Reconsidering testing: Some fundamentals
Sent to the Austin-American Statesman, Feb 21, 2012
A year's delay to reconsider the role of testing is a very good idea (“It’s smart to step back on STARR,” Feb 20).
I hope that those assigned to study this issue will look at the evidence showing that increased testing does not result in increased achievement, the evidence showing that teacher evaluation of high school students (grades) is a better predictor of college success than standardized test scores (the SAT), and studies showing how much time is spent on “test preparation” (activities designed to boost scores on tests but do not result in learning), I also hope the study group will attempt to determine the true cost of standardized testing.
If the study group does this, I predict that they will conclude that making standardized tests a part of students’ grades is a bad idea. They will also conclude that Texas is doing much too much testing.
Original article: http://www.statesman.com/opinion/its-smart-to-step-back-on-staar-2188700.html#.T0O-tzIn2fI.email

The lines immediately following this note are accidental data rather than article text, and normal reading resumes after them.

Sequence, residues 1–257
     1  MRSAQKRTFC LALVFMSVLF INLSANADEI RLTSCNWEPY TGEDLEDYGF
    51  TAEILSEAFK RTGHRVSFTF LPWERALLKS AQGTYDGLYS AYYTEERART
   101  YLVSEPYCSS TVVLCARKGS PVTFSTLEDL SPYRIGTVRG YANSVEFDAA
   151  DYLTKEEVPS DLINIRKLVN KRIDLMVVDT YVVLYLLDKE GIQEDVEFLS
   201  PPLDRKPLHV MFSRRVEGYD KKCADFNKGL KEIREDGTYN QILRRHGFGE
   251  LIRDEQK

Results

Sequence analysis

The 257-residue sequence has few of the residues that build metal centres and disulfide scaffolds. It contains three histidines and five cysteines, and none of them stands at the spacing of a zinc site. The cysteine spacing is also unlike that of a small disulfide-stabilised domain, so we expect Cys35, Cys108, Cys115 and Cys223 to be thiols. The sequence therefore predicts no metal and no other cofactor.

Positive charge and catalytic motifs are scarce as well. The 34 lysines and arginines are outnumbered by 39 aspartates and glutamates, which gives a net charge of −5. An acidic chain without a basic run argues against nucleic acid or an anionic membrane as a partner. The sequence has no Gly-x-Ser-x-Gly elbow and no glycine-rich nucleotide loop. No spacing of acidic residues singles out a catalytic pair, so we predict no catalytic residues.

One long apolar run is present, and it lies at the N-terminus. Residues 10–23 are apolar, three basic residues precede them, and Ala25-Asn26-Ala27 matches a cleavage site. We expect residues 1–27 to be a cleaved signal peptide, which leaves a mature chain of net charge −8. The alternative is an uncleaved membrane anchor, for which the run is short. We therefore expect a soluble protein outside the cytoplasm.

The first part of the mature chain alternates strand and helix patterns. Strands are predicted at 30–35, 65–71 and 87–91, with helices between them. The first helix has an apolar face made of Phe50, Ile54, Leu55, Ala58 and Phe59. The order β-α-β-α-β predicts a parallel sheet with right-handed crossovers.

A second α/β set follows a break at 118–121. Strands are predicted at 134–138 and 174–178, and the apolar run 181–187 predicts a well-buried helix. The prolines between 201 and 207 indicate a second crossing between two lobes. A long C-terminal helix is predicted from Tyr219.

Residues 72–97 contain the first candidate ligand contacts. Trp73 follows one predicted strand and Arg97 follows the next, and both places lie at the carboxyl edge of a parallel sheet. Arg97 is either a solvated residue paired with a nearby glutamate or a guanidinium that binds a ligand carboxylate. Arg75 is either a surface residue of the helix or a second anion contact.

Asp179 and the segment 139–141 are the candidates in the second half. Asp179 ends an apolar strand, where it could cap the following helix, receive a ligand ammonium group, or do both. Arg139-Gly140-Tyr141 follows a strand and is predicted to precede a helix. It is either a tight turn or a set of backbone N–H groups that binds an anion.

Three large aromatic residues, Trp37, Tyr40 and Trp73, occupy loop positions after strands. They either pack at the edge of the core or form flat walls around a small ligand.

Teacher grades a better predictor
Bowen, W., Chingos, M., and McPherson, M. 2009. Crossing the Finish Line: Completing College at America's Universities. Princeton: Princeton University Press.
Geiser, S. and Santelices, M.V., 2007. Validity of high-school grades in predicting student success beyond the freshman year: High-school record vs. standardized tests as indicators of four-year college outcomes. Research and Occasional Papers Series: CSHE 6.07, University of California, Berkeley. http://cshe.berkeley.edu
Increased testing does not result in increased achievement:
Nichols, S., Glass, G., and Berliner, D. (2006). High-stakes testing and student achievement:
Does accountability increase student learning? Education Policy Archives, 14(1). http:/
OECD 2011. Lessons from PISA for the United States, Strong Performers and Successful Reformers in Education, OECD Publishing. http://dx.doi.org/10.1787/9789264096660-en